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John Harris
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John Harris

Maybe Jimfire, you should read a bit first before calling others idiots. Start here for instance http://www.skepticalscience.com/water-vapor-greenhouse-gas-intermediate.htm as it debunks your claim that hydrogen will warm the earth faster. Yes water vapor is the biggest greenhouse gas, but it constantly recycles itself as rain or snow back to the earth. The amount held as clouds or vapor is dependent on the temperature overall of the earth. The warmer the earth (from say other gases like CO2 that persist for a long time) the more water vapor that evaporates from the oceans and lakes. That actually amplifies the warming of the… Read More »

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Cornel
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Cornel

To John Harris: You said “Hydrogen is the answer for such a fuel that does not contribute CO2 to the earth. Sure it takes more energy to separate it from water than you get back”. My reply to your statement is just where the hell is all this energy to make hydrogen going to come from? It will come from fossil fuels. I don’t know anyone stupid enough to spend more fossil fuel energy to produce less of their so called “clean” energy! Look at it this way…a gasoline engine produces first generation energy. An engine running on Hydrogen will… Read More »

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John Harris
Guest
John Harris

To Cornel: I suppose I am longwinded and write more than you can manage to read in one setting. I apologize. But had you read all of that post (or thought about all the various sources of energy) you would realize that electicity can be made in lots of ways other than burning carbon fuels. Nuclear is the elephant in the room for robust dependable electric power with no CO2 emissions but there are a slew of other sources of electricity that produce less or intermittent electricity without burning carbon fuels from hydroelectric, to solar, wind, geo-thermal, and even tides.… Read More »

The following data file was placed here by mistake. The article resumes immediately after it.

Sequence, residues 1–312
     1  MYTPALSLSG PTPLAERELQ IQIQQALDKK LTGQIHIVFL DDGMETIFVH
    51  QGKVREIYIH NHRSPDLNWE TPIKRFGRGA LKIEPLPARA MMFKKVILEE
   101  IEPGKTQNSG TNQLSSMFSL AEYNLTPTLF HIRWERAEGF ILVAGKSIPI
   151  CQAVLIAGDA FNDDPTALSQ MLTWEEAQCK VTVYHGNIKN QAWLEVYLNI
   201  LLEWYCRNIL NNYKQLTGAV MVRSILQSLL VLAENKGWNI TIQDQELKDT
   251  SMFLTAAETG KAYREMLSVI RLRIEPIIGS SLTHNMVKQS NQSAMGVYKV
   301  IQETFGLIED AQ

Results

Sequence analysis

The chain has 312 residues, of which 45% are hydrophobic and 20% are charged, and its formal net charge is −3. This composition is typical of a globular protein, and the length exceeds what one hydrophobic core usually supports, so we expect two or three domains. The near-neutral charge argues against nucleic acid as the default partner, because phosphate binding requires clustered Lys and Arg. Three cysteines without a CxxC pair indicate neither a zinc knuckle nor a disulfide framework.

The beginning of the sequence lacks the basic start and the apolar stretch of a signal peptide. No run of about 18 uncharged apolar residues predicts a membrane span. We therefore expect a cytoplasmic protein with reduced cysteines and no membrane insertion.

Adam Roberts
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Adam Roberts

If the powers that be would dump (not literally -) the uranium and switch to thorium based reactors, we could temporarily solve the energy problem… at least until all the kinks could be worked out on a mass scale hydrogen infrastructure. Thorium cannot be used to destroy the planet so I guess the neocons frown on it’s use. Energy is everywhere and energy cannot be destroyed, it can only be transformed into different forms. There are enough sources of consistent (free) energy on this planet, other than fossil fuels, to provide us all with the electricity we demand. Ocean tides,… Read More »

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Brian
Guest

Couldn’t we covert a Nuclear Power Plant to Make Hydrogen. Then Store or Pipeline that as a replacement of Gas. I realize there still is a carbon footprint in the mininng and construction of a facility. Also i have seen articles on using existing nuclear waste as fuel for more modern reactors.

John Harris
Guest
John Harris

To Brian, To make hydrogen you need electricity which can break apart the two hydrogen atoms from the oxygen in water (H2O). You would still need that nuclear plant (or a new version based on say thorium instead of uranium) to create the clean electricity to separate the hydrogen from the oxygen. And yes breeder reactors (used a lot in France) can be fueled by the waste from the conventional nuclear plants – but alas breeders don’t make plutonium that can make bombs so here in America we had no use for breeders and as a result we can’t seem… Read More »

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Alan Harris
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Alan Harris

Theres a zillion ways to generate power….all have some form of pollution. But the trick is to generate it centrally so that the pollution can be captured and contained with rather than being spewed out of a grillion exhaust pipes all round the country. I really like the idea of splitting water into hydrogen which when burned turns back into water. It doesnt matter that its ‘inefficient’. Hydro power goes 24/7 and is mostly wasted at night. Ditto wind/wave power. Loads of nuclear is wasted off peak. Look at all this shale gas! Converting any waste energy to hydrogen, so… Read More »

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John Harris
Guest
John Harris

To Alan, Nice last name by the way…. I suppose you can say that nuclear or hydroelectric make some form of pollution but so far as I can see that would only be during the construction of the dam or the nuclear plant. Once running hydro has virtually no pollutant emissions. Nuclear needs thorium (or uranium) that gets dug out of the ground with machines that pollute and transported by truck or train that presently pollute. But Thorium is a waste by-product of almost all mining operations so I discount the digging leaving just the loading and transport – and… Read More »

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Alan Harris
Guest
Alan Harris

Hi Bro ‘arris. Maybe I was a little narrow in my definition of pollution. Maybe I should have said risk of…..
….’ So I see nuclear as virtually pollution free…… ‘
Go tell that to the Japanese!!